Recent data from the secondary marketplace shows that bridge rounds became more common during Q4 2022 at every stage, from Series A to Series D.

This finding is part of the company’s recent review of the State of Private Markets in Q4 and 2022, and while it is based on internal data, Carta’s reach is arguably wide enough that its data accurately reflects what’s going on in U.S. venture capital dealmaking as a whole.

The spike in bridge rounds was particularly high at the Series D stage, where they represented 31% of all rounds, according to the report. But the rise is happening across the board, with the share of bridge rounds at the Series A stage — 35% — higher than in any quarter since at least Q1 2020.

Bridges and consequences

Carta suspects that there is a correlation between bridge rounds and what it refers to as “one of the more counterintuitive trends of the year”: lower dilution rates. To Carta’s surprise, the median dilution rate remained low across all stages in 2022 and even diminished in some cases.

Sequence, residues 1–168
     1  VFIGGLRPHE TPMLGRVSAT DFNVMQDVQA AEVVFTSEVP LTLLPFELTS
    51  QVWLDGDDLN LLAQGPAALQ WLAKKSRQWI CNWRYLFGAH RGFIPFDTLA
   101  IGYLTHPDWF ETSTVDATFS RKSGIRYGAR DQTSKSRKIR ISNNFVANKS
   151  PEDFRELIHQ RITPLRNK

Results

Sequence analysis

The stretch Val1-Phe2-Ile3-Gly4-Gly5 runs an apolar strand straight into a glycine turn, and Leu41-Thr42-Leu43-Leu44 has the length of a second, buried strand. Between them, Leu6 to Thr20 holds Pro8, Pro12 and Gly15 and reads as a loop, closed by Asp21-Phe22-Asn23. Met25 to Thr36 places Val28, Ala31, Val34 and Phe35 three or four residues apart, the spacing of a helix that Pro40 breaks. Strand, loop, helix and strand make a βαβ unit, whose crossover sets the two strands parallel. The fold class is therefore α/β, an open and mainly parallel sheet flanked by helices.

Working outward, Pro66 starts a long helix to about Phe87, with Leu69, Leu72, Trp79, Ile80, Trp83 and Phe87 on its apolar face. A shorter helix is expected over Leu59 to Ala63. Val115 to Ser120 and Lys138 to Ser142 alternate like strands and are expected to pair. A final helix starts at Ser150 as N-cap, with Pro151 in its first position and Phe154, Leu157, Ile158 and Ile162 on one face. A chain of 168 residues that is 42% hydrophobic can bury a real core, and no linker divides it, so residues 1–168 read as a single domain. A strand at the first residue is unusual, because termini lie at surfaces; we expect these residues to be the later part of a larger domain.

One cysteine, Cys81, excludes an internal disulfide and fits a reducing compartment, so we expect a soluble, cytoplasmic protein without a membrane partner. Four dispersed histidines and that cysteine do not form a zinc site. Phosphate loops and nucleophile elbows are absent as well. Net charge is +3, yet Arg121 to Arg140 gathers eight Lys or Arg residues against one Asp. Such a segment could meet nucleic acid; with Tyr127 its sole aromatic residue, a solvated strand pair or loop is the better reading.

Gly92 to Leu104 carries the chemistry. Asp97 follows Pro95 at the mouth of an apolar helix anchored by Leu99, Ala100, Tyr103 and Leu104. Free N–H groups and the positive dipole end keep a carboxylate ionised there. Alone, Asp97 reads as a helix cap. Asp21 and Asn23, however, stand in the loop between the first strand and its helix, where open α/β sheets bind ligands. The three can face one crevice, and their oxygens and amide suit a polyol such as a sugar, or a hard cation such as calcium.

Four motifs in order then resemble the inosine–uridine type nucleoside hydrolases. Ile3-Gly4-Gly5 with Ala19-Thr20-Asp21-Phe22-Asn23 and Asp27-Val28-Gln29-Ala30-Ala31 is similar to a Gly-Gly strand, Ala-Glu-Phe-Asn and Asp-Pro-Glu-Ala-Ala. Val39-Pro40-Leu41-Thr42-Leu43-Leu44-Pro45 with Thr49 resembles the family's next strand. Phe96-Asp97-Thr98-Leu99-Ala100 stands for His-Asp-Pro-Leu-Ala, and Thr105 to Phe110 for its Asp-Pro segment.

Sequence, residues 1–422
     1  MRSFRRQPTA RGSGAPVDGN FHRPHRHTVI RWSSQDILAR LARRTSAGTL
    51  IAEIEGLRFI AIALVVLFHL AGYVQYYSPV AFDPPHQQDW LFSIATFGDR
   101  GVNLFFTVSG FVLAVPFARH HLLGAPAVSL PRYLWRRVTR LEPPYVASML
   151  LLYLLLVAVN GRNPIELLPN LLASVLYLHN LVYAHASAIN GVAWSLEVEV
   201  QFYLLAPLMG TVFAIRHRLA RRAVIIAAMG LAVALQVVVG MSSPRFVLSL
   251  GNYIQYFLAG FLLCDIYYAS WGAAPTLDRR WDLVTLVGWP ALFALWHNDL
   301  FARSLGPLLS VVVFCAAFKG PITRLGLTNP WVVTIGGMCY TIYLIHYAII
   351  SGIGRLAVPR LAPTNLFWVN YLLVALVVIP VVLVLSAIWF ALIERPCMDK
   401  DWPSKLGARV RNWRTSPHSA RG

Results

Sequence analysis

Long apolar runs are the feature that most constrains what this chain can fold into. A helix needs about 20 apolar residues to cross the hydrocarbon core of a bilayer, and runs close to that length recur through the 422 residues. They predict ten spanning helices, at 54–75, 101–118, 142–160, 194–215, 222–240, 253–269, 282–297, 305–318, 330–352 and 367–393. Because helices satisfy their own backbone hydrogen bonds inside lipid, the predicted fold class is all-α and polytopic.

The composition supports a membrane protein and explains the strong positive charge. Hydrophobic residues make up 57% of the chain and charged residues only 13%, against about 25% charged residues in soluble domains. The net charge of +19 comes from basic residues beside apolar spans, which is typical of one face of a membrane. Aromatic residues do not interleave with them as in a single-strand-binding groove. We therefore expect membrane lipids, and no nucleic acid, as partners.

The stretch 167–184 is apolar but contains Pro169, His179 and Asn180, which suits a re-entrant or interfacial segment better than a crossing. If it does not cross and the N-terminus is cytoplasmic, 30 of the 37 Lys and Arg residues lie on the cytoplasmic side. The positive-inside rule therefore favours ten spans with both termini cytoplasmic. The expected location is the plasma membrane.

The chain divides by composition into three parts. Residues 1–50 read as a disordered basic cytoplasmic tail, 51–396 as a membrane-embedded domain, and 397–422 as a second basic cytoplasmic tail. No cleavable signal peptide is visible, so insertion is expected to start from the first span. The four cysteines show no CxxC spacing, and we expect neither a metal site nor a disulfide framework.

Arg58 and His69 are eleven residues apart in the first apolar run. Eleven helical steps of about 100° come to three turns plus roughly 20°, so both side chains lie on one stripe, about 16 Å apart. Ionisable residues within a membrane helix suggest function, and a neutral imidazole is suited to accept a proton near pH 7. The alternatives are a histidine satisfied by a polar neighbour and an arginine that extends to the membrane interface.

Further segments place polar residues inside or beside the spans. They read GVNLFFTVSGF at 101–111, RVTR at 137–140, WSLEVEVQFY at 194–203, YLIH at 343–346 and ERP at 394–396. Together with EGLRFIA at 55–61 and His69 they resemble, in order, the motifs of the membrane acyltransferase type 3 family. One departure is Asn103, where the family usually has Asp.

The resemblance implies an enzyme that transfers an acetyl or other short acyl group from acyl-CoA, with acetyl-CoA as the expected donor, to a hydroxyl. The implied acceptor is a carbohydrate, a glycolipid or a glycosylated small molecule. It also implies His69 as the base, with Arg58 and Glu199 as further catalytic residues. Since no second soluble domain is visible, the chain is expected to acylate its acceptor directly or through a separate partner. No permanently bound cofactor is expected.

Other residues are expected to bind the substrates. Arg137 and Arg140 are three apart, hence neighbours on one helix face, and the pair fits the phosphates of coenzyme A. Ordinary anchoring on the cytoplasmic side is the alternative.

Why is that surprising? Because in a downturn, we would typically expect founders to accept less favorable terms and sell off a larger portion of their company in exchange for capital. But it’s not what has happened. And if that’s not the case, it may be in part because their new funding doesn’t come from new investors.

“[H]igh rates of bridge rounds may be another factor contributing to the reduction in dilution last quarter,” the report states. “If companies in need of a cash infusion that might typically raise primary rounds at higher dilution rates are raising bridge rounds instead, the median dilution of primary rounds that do occur might fall.”

But there are other possibilities as well. “This [low dilution rate] could be linked to the fact that investors were so picky in 2022: Only the very best companies were able to raise rounds at all, and perhaps those premium targets were still able to negotiate favorable terms.” Either this, or founders might be “more willing to accept smaller round sizes than they are down rounds,” which would cause the median dilution to sink.

One thing is for sure: The power balance is currently unfavorable to founders. Per Carta: “The broader market got much less founder-friendly in 2022, a fact highlighted by plunging valuations.”